The Supreme Court on Tuesday has sought a detailed affidavit from the Delhi International Airport Ltd (DIAL), the Centre and the Airports Authority of India on airport development fees (ADF).
The apex court's direction came in response to a petition filed by NGO Consumer Online Foundation, challenging ADF levy on passengers. A bench of Justice DK Jain and Justice Madan B Lokur directed the respondents to file an affidavit within 10 days, explaining which agency imposed the charge and how the money collected was utilised.
During the last hearing on July 20, the bench had termed ADF as "little unreasonable". It suggested levying user charges on VIPs for availing the facility of special lounges instead of burdening common travellers. DIAL charges R200 per departing domestic passenger and R1,300 from international passengers as ADF.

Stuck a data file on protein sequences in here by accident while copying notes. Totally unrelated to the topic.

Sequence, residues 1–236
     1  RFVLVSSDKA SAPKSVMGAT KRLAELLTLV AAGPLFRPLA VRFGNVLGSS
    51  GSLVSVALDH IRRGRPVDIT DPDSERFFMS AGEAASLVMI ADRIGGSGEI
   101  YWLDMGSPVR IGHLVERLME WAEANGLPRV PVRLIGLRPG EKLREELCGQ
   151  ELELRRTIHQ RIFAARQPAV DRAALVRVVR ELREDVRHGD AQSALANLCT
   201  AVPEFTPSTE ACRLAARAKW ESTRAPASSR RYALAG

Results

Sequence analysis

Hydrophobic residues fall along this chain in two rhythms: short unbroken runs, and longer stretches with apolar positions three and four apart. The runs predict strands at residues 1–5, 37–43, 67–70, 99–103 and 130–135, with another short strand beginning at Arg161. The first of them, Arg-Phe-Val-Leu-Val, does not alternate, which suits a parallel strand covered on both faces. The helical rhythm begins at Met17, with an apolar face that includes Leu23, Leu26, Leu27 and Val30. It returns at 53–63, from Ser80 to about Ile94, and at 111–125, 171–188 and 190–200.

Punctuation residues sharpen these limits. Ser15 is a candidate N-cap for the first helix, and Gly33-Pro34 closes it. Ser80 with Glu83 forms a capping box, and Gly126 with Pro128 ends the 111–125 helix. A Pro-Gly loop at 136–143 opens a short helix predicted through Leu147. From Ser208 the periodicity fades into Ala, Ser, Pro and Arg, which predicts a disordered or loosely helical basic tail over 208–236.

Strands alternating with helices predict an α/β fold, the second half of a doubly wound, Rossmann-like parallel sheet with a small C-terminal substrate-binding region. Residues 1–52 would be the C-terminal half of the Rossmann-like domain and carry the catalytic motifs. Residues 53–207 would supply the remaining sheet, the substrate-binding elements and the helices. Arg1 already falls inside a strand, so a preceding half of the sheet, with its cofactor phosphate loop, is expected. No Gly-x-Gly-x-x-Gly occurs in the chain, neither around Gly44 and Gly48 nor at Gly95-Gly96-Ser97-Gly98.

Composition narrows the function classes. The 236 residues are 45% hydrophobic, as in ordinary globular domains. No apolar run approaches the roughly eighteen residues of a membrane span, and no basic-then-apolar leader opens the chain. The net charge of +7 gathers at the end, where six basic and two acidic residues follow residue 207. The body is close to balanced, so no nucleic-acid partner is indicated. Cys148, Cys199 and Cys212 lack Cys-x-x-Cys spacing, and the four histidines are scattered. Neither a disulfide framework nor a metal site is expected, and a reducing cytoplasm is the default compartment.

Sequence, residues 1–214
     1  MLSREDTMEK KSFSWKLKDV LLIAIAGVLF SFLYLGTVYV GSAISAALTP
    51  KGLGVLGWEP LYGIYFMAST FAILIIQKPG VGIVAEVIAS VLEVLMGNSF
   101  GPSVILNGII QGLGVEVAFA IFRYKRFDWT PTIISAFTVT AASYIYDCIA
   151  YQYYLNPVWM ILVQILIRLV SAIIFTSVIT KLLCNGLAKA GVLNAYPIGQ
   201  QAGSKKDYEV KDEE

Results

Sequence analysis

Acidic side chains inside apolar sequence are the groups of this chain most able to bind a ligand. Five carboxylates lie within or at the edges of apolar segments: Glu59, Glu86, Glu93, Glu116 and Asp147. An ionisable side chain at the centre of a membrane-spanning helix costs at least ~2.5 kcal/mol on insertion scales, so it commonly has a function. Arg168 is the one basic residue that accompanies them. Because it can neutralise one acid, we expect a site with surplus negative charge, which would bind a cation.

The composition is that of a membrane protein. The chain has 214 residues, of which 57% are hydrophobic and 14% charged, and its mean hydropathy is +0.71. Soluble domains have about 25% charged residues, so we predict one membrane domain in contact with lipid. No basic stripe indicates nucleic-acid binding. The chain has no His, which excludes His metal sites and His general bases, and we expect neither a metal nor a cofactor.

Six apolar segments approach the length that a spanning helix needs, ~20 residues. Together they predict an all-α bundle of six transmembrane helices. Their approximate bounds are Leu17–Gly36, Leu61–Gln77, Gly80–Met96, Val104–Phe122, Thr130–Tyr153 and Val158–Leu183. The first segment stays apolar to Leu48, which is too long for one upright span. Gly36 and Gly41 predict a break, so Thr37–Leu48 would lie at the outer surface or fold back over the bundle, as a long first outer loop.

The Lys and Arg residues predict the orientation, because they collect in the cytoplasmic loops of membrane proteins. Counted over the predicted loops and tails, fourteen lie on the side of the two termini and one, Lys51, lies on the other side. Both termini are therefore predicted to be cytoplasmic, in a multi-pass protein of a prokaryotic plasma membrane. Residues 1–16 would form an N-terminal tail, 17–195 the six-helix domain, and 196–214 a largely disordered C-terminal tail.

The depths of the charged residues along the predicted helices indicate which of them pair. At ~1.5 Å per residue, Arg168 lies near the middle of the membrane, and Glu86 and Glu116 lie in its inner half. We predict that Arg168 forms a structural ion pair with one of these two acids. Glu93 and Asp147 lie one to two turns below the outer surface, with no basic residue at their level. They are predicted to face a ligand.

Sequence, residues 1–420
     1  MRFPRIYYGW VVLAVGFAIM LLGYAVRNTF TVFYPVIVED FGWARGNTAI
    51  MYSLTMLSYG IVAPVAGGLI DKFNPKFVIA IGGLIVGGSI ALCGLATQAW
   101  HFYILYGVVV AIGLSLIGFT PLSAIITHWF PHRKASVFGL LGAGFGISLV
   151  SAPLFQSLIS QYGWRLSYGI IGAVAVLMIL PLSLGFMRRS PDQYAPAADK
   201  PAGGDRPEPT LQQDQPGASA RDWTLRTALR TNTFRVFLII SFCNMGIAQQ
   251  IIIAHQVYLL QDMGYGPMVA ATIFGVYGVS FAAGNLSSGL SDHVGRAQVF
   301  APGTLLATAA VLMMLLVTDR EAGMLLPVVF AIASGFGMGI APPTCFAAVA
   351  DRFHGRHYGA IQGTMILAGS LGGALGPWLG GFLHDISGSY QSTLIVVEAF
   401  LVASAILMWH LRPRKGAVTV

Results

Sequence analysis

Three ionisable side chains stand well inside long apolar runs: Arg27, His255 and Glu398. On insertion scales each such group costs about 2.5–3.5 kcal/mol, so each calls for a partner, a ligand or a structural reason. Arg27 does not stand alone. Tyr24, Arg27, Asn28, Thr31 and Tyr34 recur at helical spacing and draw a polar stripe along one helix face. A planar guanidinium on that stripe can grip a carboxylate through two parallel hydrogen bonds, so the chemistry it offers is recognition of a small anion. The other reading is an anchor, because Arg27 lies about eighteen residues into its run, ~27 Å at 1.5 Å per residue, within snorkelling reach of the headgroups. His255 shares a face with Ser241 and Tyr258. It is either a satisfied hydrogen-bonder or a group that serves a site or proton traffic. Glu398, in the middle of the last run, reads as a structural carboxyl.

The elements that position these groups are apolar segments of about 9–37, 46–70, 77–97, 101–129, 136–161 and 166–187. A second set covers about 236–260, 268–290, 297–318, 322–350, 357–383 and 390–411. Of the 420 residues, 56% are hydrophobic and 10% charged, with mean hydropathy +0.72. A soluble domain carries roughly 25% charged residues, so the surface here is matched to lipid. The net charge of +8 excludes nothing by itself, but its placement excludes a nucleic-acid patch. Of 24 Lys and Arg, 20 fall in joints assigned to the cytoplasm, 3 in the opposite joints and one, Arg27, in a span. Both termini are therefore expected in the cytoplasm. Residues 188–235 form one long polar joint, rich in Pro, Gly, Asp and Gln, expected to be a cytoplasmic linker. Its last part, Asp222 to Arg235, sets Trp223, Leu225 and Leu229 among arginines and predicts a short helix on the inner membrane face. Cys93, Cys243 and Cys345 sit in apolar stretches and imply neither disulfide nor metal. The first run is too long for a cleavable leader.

The court's direction came after DIAL told the court that it never collected the money and that the money was being kept in an escrow account.
The NGO, through senior counsel Rajeev Dhawan, has appealed against the order of the Airports Economic Regulatory Authority (AERA) Appellate Tribunal which had refused its plea against the levy and collection of ADF by DIAL.
The petitioner had moved the authority after SC had in April last quashed ADF levied on international and domestic passengers at Delhi and Mumbai airports. A bench then headed by Justice RV Raveendran (since retired) had held that both DIAL and MIAL could not have charged ADF from passengers under the Airports Authority of India Act, 1994 as it was without the regulator's permission.
DIAL, however, continued to charge ADF under the public notice issued by AERA on April 23, 2010.
SC had then refused to examine the validity of this notice as the same was not challenged by the petitioner.